Facial ecchymosis has also been reported with other benign conditions associated with valsalva maneuver such as coughing, vomiting, sneezing, and power lifting.[1],[2],[5],[6] Hence, we would like to stress that these benign conditions should be considered in the differential diagnosis of periorbital purpura on excluding bleeding disorders, trauma, and intracranial pathologies after appropriate investigations.

Declaration of patient consent

The authors certify that they have obtained all appropriate patient consent forms. In the form the patient(s) has/have given his/her/their consent for his/her/their images and other clinical information to be reported in the journal. The patients understand that their names and initials will not be published and due efforts will be made to conceal their identity, but anonymity cannot be guaranteed.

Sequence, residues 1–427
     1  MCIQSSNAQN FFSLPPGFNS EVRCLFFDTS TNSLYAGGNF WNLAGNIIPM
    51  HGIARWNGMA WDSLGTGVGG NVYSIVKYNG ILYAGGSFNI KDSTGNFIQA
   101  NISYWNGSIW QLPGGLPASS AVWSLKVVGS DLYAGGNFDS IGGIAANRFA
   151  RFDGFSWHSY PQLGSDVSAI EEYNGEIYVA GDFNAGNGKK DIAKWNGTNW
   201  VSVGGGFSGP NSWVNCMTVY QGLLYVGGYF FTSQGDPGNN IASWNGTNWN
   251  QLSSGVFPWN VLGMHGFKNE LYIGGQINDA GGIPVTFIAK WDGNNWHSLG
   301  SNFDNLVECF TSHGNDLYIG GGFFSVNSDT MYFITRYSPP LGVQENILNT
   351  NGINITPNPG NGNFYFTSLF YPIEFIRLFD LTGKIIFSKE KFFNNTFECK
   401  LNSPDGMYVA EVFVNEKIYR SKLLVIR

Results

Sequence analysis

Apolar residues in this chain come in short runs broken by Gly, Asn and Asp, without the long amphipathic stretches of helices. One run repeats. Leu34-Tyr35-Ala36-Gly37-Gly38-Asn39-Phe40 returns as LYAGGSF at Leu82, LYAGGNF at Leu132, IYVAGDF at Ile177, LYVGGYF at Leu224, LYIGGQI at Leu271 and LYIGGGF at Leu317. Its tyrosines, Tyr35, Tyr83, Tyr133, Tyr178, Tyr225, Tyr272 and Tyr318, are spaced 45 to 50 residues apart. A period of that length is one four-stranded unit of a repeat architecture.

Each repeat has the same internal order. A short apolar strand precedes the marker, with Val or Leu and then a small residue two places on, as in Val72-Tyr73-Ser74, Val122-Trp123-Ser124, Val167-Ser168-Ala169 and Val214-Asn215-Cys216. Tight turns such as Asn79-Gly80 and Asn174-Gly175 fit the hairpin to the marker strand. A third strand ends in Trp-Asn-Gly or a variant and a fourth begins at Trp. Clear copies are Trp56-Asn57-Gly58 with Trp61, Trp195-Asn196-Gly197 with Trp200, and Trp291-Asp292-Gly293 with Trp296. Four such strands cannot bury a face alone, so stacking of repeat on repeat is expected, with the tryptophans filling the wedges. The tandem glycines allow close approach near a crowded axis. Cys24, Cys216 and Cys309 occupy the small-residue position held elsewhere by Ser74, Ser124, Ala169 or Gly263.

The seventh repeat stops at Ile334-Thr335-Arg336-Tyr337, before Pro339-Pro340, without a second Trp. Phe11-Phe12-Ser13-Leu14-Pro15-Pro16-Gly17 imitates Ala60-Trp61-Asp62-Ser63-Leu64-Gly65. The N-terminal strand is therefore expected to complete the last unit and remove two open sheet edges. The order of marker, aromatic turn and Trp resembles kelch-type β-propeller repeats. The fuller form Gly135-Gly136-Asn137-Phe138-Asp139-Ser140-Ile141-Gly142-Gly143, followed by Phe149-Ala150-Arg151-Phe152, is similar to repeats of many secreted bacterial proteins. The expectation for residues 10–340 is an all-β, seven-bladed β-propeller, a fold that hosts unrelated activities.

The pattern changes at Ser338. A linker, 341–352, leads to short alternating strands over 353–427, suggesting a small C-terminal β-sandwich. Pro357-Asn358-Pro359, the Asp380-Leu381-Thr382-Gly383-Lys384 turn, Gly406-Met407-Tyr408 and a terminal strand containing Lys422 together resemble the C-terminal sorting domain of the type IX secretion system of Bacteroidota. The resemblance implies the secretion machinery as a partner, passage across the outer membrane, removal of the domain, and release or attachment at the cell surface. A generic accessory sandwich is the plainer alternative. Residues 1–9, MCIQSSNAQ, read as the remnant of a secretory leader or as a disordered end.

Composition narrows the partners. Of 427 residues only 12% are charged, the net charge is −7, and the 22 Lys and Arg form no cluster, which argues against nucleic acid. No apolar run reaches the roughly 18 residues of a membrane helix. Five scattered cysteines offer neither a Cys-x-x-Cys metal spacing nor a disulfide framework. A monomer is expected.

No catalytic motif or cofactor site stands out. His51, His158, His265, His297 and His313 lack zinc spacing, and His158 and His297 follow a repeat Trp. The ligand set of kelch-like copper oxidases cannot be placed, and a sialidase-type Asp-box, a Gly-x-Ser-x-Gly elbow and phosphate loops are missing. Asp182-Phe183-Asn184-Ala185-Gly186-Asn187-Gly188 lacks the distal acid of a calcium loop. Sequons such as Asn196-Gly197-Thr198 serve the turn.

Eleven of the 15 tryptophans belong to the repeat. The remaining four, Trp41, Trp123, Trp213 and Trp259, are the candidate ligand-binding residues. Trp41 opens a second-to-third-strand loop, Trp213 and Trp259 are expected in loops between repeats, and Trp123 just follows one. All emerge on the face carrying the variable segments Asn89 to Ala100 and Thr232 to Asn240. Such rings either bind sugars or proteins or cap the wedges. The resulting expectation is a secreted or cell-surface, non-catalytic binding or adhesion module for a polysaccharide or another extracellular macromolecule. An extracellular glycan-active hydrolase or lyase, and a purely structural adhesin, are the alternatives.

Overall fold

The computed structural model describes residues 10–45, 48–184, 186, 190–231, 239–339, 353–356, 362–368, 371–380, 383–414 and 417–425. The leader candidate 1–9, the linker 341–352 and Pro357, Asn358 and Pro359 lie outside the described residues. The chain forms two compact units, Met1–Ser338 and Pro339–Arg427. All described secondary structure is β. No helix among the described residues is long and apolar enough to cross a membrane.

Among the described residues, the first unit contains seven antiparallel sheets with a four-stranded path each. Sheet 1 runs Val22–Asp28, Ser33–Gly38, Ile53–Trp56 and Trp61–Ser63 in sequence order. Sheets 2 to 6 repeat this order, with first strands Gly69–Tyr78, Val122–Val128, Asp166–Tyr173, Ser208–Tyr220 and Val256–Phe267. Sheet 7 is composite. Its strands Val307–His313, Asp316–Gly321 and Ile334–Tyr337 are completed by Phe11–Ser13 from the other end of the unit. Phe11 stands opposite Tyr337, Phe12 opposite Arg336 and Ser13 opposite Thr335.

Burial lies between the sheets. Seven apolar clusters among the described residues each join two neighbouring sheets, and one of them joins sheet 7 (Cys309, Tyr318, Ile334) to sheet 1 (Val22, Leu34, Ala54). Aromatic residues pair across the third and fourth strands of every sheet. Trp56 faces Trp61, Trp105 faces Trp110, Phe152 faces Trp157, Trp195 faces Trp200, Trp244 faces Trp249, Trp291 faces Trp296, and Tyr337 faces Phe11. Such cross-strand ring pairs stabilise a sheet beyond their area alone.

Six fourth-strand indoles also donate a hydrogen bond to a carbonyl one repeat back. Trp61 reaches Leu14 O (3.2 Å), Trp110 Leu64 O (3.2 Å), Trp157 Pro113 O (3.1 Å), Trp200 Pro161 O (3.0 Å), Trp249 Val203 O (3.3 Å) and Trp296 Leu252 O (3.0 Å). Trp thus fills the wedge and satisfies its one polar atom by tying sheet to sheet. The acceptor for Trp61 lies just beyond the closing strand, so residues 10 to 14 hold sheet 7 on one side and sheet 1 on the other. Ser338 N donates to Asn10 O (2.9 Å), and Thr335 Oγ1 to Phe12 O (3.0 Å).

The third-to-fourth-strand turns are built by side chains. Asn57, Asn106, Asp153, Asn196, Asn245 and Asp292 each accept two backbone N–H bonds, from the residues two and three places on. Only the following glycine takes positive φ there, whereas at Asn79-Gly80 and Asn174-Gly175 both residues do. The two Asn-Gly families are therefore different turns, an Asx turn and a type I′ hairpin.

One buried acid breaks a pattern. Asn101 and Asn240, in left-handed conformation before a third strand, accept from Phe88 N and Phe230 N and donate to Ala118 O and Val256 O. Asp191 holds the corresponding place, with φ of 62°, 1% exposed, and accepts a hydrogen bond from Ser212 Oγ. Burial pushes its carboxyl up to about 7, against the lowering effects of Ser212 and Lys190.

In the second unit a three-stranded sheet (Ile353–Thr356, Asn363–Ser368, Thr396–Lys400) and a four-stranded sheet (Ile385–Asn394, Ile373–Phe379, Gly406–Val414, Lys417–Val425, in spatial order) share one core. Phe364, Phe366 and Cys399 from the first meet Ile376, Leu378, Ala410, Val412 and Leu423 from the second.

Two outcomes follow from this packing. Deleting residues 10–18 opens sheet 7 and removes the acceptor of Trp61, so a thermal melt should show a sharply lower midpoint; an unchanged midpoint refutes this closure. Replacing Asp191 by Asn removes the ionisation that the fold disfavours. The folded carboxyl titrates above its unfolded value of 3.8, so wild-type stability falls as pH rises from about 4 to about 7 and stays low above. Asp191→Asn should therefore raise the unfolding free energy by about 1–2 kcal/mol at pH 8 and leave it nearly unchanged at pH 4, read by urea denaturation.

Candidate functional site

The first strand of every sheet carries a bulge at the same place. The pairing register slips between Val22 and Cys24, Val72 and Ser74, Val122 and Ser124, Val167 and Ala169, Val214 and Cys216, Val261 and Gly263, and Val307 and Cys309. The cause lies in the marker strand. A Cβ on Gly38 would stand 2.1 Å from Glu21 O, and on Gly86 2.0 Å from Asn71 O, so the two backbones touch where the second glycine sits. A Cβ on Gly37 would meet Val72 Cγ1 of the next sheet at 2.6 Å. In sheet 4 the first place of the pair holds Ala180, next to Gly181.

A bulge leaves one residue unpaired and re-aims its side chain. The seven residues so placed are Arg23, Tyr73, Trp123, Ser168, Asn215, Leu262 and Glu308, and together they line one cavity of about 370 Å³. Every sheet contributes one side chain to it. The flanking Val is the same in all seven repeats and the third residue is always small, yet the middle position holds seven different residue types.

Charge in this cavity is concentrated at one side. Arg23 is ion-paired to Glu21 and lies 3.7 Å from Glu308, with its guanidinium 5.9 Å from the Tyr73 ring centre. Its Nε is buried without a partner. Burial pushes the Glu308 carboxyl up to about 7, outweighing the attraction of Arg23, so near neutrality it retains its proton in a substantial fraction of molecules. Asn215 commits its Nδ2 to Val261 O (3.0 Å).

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1Al-Sardar H. Recurrent bilateral periorbital and circumoral bruising due to vomiting. BMJ Case Rep 2014;2014:bcr2013202495.
2Paysse EA, Coats DK. Bilateral eyelid ecchymosis and subconjunctival hemorrhage associated with coughing paroxysms in pertussis infection. J AAPOS 1998;2:116-9.
3Reid JM, Williams D. Panda sign due to severe coughing. J R Coll Physicians Edinb 2013;43:35.